I have made a number of posts about the history of diaspora Jews serving in the armies of their countries. In my posts about diaspora Jews who fought for Israel in 1948, I have focused on how these volunteers’ contribution to Israel’s victory in its war of independence were long neglected in Israel. I haven’t paid enough attention, however, to the mixed reception that these brave individuals received from their home communities. A piece in Tablet from over a year ago illustrates this problem with great sensitivity:
Peter Beinart has written a very smart analysis of what’s wrong with the AAS boycott:
And an interesting critique of the EU’s anti-settlement policy by comparing it with EU policies towards Northern Cyprus and the Western Sahara
I’m not convinced because there are distinctive aspects of the Israeli occupation that do account for the EU’s approach. Still, comparison is always helpful, even if it highlights difference more than similarity.
The Times of Israel recently published a thoughtful essay on this theme by Eylon Aslan-Levy, who graduated Oxford last year and is currently in a MPhil program in International Relations at Cambridge:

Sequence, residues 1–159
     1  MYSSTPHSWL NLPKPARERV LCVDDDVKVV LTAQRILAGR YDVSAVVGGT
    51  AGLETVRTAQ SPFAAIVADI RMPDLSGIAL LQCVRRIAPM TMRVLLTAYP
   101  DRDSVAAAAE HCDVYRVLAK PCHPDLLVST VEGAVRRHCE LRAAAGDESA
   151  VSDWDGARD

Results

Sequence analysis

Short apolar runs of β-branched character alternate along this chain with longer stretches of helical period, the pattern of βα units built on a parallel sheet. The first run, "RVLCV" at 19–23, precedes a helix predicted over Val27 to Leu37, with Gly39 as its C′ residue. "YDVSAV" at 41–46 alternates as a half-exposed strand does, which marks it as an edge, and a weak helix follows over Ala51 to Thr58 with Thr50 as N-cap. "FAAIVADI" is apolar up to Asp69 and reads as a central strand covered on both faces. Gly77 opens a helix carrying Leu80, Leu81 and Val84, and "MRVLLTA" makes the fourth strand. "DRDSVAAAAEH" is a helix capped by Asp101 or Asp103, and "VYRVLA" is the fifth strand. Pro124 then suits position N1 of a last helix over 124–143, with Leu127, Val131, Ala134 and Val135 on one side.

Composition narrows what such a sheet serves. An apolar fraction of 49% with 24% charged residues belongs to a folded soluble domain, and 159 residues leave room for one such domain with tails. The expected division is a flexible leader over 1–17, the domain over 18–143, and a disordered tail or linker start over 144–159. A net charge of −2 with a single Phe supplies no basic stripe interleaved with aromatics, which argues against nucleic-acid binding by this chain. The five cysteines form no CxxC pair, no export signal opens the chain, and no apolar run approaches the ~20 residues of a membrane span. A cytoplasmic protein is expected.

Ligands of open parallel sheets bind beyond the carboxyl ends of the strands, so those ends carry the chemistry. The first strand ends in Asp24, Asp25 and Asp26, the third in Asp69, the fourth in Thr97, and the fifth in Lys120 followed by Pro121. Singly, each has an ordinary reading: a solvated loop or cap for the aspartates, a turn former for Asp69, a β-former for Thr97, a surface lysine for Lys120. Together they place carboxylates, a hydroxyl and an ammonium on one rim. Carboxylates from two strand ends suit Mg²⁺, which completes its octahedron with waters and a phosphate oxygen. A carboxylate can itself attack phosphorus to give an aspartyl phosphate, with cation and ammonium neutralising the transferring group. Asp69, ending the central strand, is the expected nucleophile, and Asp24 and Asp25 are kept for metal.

Yoram Kaniuk’s last novel, 1948, was published last year in English translation. It is available only in e-format, which is a mixed blessing, as it’s the kind of novel whose earlier bits a reader might want to revisit when reading the later chapters, and that sort of flipping back and forth is much harder with an e-book than a printed volume. 1948 is haunting, tragic, and deeply disturbing: a memoir that blends fact and fiction, memory and fantasy, gritty narratives of battle and hints of magical realism. On one level the book is an old man’s recollections of his younger self’s perceptions and experiences of the war. On another it offers a microcosm of the infant state of Israel: relations between immigrants and sabras, the trauma endured by Holocaust survivors, and the reckless courage of Israeli youth who risked, and often lost, their lives in the struggle for Israel’s creation.